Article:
Cross Selling

Frank Salisbury

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When I was sixteen and still at school, I worked in a department store on a Saturday. Cross selling was made easy for me then. For a while I worked in the menswear department. Someone came in to buy a shirt, and because all the related goods were displayed next to each other it was straightforward to ask whether the customer wanted a pair of cuff-links or a new tie to go with the shirt. If they bought a tie, the next cross sale was to suggest they also buy a spot-cleaner for the tie. A friend of mine worked Saturdays in a DIY store. Similar rules applied. Someone bought a tin of paint, and the cross sale opportunities were perhaps a paint brush; a brush cleaner; or even one of those implements to help keep lines straight. The basic rule to cross-selling then were - if you have a number of products to sell, group them together so that the customer doesn’t have too much of an effort in seeing the relationship between your products. That’s not to say that it will happen. Often the customer needs to be told about the relationship and have the idea planted verbally that they could buy more than what they originally came in for.

40 years later and the same rules apply. Trading on the Web has even made it possible to display not only your own diverse product range on the same page, but also relationships and partnerships with other companies. Yet research shows that simply because goods are displayed together does not hugely increase buyer behaviour.

Cross-selling from the sixties has evolved into CRM (customer relationship management) in the 21st Century. The theory is that the more products organisations sell to customer; the lower is the probability that the customer will buy elsewhere, and the more profitable that customer relationship will be.

CRM systems make it easy for the salesperson to identify additional sales opportunities. The first product a customer buys adds to the customer database of knowledge the company has about the buying habits and profile of the customer. If it’s a really sophisticated CRM system it will flag up to the salesperson cross-selling opportunities, and in some cases even provide the salesperson with the words to say.

Yet once again, research shows that even giving salespeople the words to say has increased cross-selling by only a very small percentage. Why?

Simple – selling is still very much a human face to face activity, and as such buyers are motivated by emotional feelings as much as by logic. The logical relationship between products and services can be totally overridden by the feeling that you are being sold to or that the salesperson is being less then honest in his or her desire to sell you something you didn’t appear to want at the outset.

Retailing should be relatively easy. Your goods are on display. The customer buys something and the relationship between the other products on display is understandable to you both. Therefore a confident suggestion about the relationship often works.

  • If your business is more complicated, or your goods are not in the customer’s face (you might not have retail premises) then you need two things:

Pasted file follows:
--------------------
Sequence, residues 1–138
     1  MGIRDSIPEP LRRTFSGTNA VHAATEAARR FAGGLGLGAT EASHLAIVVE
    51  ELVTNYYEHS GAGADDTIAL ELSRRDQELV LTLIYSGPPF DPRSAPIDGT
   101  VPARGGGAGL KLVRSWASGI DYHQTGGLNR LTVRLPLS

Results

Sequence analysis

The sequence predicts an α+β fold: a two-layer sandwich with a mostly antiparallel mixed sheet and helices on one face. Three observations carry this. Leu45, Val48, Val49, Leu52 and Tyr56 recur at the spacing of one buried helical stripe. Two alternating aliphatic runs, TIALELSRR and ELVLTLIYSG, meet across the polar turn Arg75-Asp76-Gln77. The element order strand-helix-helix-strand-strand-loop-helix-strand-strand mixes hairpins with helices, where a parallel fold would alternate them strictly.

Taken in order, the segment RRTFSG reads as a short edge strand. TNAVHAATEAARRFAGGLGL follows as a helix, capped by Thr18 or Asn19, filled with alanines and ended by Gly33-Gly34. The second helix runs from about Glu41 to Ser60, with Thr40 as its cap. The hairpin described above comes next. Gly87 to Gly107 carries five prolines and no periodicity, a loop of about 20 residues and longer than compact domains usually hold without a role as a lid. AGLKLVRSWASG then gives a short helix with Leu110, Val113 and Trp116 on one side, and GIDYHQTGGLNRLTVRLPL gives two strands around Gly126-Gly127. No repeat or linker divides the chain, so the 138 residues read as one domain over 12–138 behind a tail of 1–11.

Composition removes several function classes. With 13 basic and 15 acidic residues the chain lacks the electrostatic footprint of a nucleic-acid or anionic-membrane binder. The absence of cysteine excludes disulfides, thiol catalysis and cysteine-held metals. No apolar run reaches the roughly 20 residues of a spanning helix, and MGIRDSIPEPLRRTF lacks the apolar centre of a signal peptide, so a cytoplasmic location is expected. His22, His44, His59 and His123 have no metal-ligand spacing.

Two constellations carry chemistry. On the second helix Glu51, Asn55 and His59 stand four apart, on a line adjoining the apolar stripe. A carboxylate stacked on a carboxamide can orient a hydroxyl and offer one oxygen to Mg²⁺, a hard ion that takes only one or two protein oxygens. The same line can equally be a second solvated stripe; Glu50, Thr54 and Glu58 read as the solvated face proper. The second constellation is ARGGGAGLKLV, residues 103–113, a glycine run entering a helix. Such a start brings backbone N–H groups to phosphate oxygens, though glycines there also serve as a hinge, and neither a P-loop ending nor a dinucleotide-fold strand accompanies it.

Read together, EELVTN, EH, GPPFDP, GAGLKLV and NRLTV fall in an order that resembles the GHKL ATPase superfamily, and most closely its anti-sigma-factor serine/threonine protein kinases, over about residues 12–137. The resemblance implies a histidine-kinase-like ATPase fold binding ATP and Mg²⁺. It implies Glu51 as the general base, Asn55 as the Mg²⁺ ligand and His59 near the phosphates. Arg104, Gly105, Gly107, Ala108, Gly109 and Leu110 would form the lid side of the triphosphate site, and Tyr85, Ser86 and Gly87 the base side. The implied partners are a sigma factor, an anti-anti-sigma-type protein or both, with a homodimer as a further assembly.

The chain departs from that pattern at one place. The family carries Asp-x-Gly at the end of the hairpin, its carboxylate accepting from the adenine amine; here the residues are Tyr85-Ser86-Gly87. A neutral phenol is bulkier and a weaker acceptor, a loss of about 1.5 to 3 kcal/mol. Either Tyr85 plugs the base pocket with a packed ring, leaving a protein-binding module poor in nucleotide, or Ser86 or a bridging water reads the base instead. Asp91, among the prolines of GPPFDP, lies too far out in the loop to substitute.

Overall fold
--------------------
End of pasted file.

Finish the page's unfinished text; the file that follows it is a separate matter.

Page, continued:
A story which includes your full range and explains how they are related, and/or Customer databases which highlights the relationship – but which should still rely on the story in point 1.

  • If you have a database be careful about telling the customer how much you know about them. Imagine you buy your cigars at the same tobacconist every week to be told – ‘I see that you’ve bought our product seven times this year, and yet my database reveals that you don’t smoke’.

    No matter what you know about the customer it’s still better to have them tell you verbally in answer to a question. All of us like talking about ourselves, no matter how much the other person already knows about us.

    It is clear that in a competitive marketplace it will be the people who can sell more to each customer and effectively stop the customer buying from the competition who will survive. The future appears to be that in marketplace where the rules of specialism seem no longer to apply that your specialism could become a competitor’s cross-sell. So we either form commercial relationships with other supplies, or we run the risk of them supplying our specialism.

    I was in a German coffee-shop in the UK the other day that also sold clothes and kitchen accessories. I haven’t worked out the relationship or indeed the story – but people were buying. Cross-selling has moved into a new arena!

    Frank provides individuals and organizations with consultancy in the fields of selling; organisational change management, performance improvement, developing managers as sales coaches, and teaching charismatic leadership behaviours and presentation skills to senior and executive managers. In addition he is recognised as a leading authority on sales and sales management development using the Coaching Sales Champions programmes he has developed over a period of twenty years as the vehicle for individual and organisational improvement. He strongly believes that whether we work in the public or private sector; whether our organisation is commercial or non-commercial; that we are all in sales. His favourite quote, which has become his maxim is from Robert Louis Stevenson – ‘Everything in live is selling’.

    Frank was a founding member of the Sales Qualification Board (UK), and the Financial Services Lead Bodies Group (UK) – both organisations set up in the nineties to determine and publish standards for salespeople and sales managers in the UK.

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